Where to eat
After all of that exploring you will definitely need a sit-down, something to eat and a place where you can reflect on all the art, history and culture you've just seen. There is a cafe inside in the Vatican Museums, ideally located if you just want a pitstop on your museum wandering. It is, of course, very overpriced. The restaurant offers self-service, pizza and coffee and it is located one floor down from the Atrium of the Four Gates. Go down the stairs near the Picture Gallery or at the top of the escalators turn right and then follow the signs. There is also a coffee shop with a souvenir spot which is one floor down from this restaurant. The 'Sistina' coffee bar is on the stairs leading to the Sistine Chapel entrance, located near the toilets.
What we recommend, however, is heading to our favorite Trattoria nearby for a hearty Roman lunch after your Vatican adventures. Two friends, Dino & Tony, own a typical trattoria just around the corner, with traditional Roman recipes, good wine and a friendly atmosphere. You arrive, you sit, there is no menu, there is just plate after plate after plate. Antipasto, pasta, more pasta, meat, dessert, wine. We can guarantee you won't leave hungry (food just keeps coming).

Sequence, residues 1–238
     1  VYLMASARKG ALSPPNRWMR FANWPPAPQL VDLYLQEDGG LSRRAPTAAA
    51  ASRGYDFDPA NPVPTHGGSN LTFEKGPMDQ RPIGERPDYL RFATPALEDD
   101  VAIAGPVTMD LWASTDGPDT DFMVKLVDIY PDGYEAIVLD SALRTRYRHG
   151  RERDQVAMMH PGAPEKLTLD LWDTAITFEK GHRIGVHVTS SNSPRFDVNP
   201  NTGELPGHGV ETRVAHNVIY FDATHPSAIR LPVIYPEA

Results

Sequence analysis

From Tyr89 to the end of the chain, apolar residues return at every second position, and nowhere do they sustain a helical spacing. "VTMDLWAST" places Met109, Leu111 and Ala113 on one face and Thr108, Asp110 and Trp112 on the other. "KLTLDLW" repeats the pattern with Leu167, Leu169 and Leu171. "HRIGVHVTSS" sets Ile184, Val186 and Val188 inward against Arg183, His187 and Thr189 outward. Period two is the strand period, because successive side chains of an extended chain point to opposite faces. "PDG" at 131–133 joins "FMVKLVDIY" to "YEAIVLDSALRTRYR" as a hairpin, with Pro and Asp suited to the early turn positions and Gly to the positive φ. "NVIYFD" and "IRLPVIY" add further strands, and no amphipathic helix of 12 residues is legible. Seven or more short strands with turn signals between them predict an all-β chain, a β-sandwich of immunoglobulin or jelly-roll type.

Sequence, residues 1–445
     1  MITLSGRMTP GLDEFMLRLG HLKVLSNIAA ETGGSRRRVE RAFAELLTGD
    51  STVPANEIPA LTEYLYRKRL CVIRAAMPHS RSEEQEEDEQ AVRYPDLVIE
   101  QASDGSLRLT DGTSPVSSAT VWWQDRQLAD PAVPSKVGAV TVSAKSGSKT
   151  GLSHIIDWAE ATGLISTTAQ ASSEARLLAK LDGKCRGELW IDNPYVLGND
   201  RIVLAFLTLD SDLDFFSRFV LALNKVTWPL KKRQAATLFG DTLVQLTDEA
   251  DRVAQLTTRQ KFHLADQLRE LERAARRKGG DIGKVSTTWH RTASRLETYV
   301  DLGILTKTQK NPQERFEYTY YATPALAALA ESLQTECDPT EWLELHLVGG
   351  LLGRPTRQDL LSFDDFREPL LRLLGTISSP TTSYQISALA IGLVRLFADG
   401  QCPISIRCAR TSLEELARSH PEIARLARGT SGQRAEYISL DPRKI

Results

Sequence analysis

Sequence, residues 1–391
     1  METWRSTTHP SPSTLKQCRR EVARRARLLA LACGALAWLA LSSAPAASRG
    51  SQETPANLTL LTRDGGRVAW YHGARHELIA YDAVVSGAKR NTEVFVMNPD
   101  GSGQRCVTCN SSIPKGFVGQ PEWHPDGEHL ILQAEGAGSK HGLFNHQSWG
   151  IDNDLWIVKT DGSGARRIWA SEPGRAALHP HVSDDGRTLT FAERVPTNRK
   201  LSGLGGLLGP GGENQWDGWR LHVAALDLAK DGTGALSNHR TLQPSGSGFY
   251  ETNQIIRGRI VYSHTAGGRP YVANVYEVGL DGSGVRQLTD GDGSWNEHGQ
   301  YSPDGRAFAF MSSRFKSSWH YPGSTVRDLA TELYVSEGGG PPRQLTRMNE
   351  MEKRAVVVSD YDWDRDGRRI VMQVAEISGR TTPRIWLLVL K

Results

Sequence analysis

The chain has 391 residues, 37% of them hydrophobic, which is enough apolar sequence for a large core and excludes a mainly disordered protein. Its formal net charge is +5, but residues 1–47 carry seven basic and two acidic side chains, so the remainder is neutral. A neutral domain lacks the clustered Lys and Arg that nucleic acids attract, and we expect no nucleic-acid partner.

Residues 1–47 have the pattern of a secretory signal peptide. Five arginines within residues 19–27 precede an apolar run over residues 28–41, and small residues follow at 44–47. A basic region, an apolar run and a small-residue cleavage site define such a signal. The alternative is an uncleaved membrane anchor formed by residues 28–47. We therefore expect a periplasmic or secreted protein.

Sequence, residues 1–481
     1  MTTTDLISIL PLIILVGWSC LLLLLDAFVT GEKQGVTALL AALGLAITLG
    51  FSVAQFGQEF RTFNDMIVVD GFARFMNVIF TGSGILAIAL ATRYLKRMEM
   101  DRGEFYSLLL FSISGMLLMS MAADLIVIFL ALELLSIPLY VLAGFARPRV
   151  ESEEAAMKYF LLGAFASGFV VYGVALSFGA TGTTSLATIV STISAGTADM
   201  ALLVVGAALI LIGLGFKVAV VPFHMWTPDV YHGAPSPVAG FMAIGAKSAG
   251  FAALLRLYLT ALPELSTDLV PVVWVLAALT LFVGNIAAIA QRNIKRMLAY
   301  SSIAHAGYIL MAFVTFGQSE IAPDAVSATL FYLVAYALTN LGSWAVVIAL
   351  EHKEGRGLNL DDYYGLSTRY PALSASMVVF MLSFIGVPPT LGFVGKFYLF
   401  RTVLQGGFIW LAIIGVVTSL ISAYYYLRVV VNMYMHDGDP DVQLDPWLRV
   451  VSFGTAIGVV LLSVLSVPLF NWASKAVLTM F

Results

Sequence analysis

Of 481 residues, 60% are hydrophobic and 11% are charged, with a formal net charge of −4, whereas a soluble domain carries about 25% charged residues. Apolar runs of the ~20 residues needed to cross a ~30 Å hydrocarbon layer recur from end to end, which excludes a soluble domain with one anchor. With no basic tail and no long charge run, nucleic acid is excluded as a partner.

What else?
One key thing about visiting the Vatican Museums - dress appropriately. Cover your shoulders and avoid shorts. Take a light scarf to wrap around yourself if needed. Dress modestly and be respectful and you'll be fine.
There is much more to the Vatican than just the Museums. Every Wednesday at 11am, the pope addresses crowds here. Note that in June and August this takes place in Castel Gandolfo near Rome. You have to apply for free tickets.
When the pope is in Rome, he also blesses the crowd in St Peter's Square on Sunday at noon. Tickets are not needed for this type of event.
Did you know?
The Vatican Museums contain the world's largest collection of art. The amount of art could wrap four and a half times around the walls of the Vatican. Michelangelo was an individualistic concerning details. In the Sistine Chapel, he depicts the tree from which Eve picks forbidden fruits from.
Interestingly, he doesn't display an apple tree. If you look at the leaves of the tree it actually is a fig tree. The Vatican doesn't have any taxation revenues. It generates 90% of its revenues from Museum admission fees, contributions, souvenir and stamp sales.
As mentioned in the post, The Roman Guy offers a Vatican Tour that gives you access to The Sistine Chapel a whole hour before it opens to the general public, before enjoying a tour of the museums, all of the top places within the Vatican mentioned above and St Peter's Basilica. Our trusty guide will take you through all the museum highlights mentioned and give you all the information you need and more to truly understand and appreciate the Vatican Museums.